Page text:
Amhara Child Protection Ethiopia HIS

Elders advise against child marriage in favour of education in Amhara

Ato Zelalem Belay, 70, influential community leader at Dangla Woreda, Badani Kebele, Amhara region.
Zelalem Belay, 70, Elder, speaks in front of Bandani Kebele’s Community Conversation Group against Child Marriage, Amhara, Ethiopia. ©UNICEF Ethiopia/2015/Mersha

Zelalem Belay, 70, is a respected Community Elder and member of the Community Conversation Group against Child Marriage in the Bandani Kebele (neighbourhood) of the Dangla Woreda (district) in Amhara, Ethiopia.

He stands in front of the gathered crowd and speaks with absolute humility and sincerity as he discusses his personal regrets over marrying his daughters when they were children: “At my age I have to tell the truth. Why hide when I can stand here and tell the truth for the betterment of my community,” Zelalem says.

“At first I opposed the change in culture away from chid marriage. I was resisting what the role of the poor girls could be. What options do poor children have? I thought. But I have since become convinced child marriage is not right. I have changed my mind. By supporting poor girls with economic incentives so they can continue their education, there is a different future for them and for their families”, explains Zelalem.

“I was married at 18, to a ten year old girl, but she kept running back to her family. She wanted no physical attachment to me. So three months later I had a second marriage to a 15 year old – it was easy to arrange quickly as my father was wealthy. My first wife, her parents sent her back to school and she married again a few years later.”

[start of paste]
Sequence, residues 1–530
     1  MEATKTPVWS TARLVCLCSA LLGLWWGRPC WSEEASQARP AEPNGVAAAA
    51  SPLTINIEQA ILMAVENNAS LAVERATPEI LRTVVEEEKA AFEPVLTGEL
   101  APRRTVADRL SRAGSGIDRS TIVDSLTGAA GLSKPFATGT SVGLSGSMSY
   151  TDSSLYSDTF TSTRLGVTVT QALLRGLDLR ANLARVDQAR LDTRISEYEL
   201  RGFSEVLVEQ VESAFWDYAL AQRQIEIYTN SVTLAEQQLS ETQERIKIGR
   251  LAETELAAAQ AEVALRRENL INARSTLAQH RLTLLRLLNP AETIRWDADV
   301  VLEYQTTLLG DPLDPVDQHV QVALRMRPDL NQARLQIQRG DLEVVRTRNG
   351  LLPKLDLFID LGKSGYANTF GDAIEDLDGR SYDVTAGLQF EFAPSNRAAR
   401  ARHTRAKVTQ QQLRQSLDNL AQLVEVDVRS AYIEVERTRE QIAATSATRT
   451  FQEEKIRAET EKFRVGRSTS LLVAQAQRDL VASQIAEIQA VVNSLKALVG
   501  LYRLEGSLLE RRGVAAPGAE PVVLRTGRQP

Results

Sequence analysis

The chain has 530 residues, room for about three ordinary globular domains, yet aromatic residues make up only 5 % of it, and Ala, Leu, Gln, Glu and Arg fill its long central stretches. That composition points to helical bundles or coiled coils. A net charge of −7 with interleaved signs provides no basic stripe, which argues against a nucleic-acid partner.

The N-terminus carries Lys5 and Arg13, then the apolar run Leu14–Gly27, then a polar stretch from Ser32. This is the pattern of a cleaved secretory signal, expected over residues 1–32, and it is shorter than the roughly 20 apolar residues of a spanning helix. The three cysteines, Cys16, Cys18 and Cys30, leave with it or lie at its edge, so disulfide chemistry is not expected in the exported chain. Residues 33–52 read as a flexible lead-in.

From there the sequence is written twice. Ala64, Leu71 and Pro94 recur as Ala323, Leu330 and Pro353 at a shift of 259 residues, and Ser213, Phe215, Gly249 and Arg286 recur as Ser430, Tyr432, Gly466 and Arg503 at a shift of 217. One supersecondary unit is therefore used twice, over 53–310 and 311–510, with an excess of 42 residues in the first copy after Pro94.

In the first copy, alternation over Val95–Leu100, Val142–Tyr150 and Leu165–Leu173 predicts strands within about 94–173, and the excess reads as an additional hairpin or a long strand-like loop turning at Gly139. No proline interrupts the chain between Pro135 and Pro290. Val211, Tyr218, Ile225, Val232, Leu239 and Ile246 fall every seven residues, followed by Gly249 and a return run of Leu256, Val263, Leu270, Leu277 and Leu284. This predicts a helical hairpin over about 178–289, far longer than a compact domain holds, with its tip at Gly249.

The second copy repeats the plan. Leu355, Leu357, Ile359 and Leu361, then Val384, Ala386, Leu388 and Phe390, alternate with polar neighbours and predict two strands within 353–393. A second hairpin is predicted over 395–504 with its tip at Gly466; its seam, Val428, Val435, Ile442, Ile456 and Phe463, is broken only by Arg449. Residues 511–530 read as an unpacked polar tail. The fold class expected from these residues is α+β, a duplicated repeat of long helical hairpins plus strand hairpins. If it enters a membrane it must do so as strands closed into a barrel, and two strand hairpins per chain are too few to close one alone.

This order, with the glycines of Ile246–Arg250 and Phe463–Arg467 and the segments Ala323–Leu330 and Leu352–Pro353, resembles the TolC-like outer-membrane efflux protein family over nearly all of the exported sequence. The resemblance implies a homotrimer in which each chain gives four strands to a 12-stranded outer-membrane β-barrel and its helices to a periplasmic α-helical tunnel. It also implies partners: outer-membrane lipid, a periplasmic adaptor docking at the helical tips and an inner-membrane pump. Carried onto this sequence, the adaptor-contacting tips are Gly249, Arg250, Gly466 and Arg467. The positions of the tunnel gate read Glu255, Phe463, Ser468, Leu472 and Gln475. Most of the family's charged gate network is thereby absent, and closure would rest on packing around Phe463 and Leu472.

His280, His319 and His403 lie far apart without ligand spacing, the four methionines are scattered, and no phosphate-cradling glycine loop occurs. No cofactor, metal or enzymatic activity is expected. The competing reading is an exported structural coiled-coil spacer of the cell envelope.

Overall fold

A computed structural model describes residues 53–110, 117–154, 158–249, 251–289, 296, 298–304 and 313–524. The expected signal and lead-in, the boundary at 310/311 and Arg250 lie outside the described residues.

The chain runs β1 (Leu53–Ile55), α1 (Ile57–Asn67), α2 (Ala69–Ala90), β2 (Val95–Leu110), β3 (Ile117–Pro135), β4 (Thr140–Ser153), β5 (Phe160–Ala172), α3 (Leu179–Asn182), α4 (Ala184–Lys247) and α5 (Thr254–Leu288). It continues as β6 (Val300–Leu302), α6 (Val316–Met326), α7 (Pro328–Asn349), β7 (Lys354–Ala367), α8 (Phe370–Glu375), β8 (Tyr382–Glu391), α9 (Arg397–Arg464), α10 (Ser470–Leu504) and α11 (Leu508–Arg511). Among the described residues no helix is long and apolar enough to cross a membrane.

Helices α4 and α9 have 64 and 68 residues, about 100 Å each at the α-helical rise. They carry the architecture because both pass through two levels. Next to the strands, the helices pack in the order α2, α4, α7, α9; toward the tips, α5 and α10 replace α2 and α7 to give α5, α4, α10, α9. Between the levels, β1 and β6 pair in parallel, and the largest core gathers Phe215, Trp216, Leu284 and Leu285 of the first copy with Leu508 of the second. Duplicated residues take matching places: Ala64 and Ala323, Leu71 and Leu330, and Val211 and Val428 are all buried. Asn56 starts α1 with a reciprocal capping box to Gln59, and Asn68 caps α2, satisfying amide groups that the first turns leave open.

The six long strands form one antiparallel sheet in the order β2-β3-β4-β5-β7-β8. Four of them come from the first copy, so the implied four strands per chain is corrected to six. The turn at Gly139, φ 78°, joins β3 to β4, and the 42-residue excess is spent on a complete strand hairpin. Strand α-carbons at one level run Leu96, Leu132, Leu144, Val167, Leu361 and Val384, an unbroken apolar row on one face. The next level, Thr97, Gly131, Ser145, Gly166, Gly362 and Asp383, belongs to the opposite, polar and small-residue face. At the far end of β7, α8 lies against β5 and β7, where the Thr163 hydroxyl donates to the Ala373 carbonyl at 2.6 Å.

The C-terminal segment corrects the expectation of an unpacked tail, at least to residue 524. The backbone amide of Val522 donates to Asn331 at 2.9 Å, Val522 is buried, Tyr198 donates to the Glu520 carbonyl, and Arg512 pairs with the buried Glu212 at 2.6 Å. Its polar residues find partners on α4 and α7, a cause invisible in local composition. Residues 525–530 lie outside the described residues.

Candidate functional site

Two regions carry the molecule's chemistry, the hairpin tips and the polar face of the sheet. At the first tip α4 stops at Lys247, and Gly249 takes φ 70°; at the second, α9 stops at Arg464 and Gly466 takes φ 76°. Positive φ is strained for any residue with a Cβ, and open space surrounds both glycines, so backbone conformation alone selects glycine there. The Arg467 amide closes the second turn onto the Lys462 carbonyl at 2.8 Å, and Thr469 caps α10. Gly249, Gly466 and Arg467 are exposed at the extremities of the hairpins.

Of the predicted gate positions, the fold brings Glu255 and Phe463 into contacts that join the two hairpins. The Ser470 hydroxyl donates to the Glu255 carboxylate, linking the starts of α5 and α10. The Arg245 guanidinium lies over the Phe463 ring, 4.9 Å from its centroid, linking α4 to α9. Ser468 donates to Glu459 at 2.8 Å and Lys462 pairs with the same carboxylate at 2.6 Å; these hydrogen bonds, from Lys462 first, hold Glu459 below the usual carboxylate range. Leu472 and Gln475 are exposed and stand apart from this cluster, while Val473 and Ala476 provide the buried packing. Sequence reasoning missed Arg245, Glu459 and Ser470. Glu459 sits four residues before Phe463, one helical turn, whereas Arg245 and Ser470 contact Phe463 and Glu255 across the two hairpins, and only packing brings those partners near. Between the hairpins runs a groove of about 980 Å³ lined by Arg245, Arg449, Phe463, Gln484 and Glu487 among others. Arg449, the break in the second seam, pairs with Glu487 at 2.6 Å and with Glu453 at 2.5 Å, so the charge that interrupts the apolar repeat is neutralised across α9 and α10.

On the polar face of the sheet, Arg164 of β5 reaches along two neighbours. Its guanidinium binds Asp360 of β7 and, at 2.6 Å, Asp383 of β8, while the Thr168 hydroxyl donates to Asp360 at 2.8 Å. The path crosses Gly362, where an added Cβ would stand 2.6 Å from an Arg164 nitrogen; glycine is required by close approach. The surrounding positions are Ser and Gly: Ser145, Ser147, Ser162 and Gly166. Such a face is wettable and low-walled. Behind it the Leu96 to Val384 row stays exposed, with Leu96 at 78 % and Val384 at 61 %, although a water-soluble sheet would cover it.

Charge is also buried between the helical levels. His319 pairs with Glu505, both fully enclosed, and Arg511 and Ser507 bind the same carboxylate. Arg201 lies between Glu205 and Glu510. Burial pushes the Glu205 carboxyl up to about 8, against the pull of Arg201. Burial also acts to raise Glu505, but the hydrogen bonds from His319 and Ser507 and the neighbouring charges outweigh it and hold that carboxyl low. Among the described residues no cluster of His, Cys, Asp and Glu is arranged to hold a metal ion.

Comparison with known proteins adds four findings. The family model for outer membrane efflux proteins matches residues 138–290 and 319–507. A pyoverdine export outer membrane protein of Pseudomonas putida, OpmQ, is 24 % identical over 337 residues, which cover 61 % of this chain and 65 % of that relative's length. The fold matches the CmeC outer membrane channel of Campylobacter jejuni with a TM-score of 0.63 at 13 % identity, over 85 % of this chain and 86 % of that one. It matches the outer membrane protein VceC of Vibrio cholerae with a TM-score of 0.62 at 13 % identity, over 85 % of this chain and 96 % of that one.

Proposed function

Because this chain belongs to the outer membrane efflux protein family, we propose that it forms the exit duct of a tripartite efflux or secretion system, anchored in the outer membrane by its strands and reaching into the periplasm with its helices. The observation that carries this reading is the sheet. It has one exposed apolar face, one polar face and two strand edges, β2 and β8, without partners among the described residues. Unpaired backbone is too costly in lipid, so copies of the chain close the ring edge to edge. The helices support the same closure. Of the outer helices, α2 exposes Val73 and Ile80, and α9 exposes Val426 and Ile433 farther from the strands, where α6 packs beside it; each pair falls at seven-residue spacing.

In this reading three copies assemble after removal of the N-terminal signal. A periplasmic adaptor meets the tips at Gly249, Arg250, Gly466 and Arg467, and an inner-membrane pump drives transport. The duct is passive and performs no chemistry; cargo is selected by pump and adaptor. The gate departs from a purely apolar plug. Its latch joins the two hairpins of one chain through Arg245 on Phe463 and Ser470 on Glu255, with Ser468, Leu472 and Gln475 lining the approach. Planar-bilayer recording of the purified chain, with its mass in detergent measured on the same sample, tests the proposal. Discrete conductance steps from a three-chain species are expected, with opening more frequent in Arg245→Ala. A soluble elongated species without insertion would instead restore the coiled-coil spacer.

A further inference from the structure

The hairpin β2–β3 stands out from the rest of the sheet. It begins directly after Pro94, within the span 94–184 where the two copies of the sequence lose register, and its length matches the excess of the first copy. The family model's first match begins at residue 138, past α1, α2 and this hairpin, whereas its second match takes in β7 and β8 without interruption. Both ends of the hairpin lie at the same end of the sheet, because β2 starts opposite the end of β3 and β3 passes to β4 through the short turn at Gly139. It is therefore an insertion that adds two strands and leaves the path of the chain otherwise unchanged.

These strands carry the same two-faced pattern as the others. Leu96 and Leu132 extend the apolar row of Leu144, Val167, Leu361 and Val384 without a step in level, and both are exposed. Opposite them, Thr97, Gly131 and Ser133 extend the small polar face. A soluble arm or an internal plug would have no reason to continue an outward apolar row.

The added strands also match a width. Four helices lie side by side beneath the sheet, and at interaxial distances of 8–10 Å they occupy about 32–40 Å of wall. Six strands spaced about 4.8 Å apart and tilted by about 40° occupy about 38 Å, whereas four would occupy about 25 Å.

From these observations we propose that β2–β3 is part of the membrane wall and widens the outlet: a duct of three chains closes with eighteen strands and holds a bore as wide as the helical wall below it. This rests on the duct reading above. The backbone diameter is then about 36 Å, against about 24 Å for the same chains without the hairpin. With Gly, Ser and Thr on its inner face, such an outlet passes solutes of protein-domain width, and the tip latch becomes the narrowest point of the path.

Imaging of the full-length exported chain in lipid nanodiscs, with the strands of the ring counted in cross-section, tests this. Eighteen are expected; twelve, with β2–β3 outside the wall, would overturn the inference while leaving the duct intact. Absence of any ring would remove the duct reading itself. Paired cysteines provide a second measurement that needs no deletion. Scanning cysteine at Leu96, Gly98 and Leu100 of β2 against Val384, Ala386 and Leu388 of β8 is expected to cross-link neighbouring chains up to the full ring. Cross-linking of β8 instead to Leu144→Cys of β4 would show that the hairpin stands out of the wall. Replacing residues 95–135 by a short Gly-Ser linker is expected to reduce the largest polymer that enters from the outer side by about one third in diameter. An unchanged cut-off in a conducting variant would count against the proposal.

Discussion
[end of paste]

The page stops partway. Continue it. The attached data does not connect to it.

Ato Zelalem Belay, 70, has 2 boys and 5 girls
Zelalem Belay, 70, Elder, a member of Bandani Kebele’s Community Conversation Group against Child Marriage, Amhara, Ethiopia. ©UNICEF Ethiopia/2015/Mersha

Zelalem continues: “So you see, in my former life, I had good assets, with family land and property, but then we did not see education as important. But now, those who are educated, they have a higher position than those with just land. A district judge, a school principle – they educate their children so that they have a position in society, they dress well.

Zelalem’s gaze is firm, his voice unwavering as he explains the impact on one of his children: “One daughter, I married her at 15, she gave birth immediately but she is now divorced. I sent her back to school. But she did not perform well. Her life was disturbed and miserable.

“So I strongly advise against child marriage. It is a bad experience for the boy and the girl. If there is a young girl and older man, she will not be responsible for the house and he will always be out spending his money on other women.”

The day before, a neighbour had come to consult Zelalem over marrying his 11 year old daughter. Zelalem explains: “I told him the law and that the marriage may not work out. That he will have lost property in agreeing to a marriage that does not last – divorce when people marry as children is common. I told him his daughter will probably run away. If she runs away to the city she could end up as a sex worker, trying to support herself. Many end up in cities working in local bars. They have nothing to fall back on.

“My life experience tells me that if you marry with an equal age and love each other – when it is a choice – and you share household responsibilities equally, then the marriage will prosper. They can run a business together, the husband can source raw materials and the wife can use them to make local beer to sell. It is a better life.

“I dream to get back to be like a child, and to live such a life.”

One comment

  1. elders are the only people who can influence the community to prevent girls from early child marriage. So, please go ahead and expand your practice across the hot areas of child marriage in Amhara region and ypu can work with us (CHADET).

    Like

Leave a Reply

Fill in your details below or click an icon to log in:

WordPress.com Logo

You are commenting using your WordPress.com account. Log Out / Change )

Twitter picture

You are commenting using your Twitter account. Log Out / Change )

Facebook photo

You are commenting using your Facebook account. Log Out / Change )

Google+ photo

You are commenting using your Google+ account. Log Out / Change )

Connecting to %s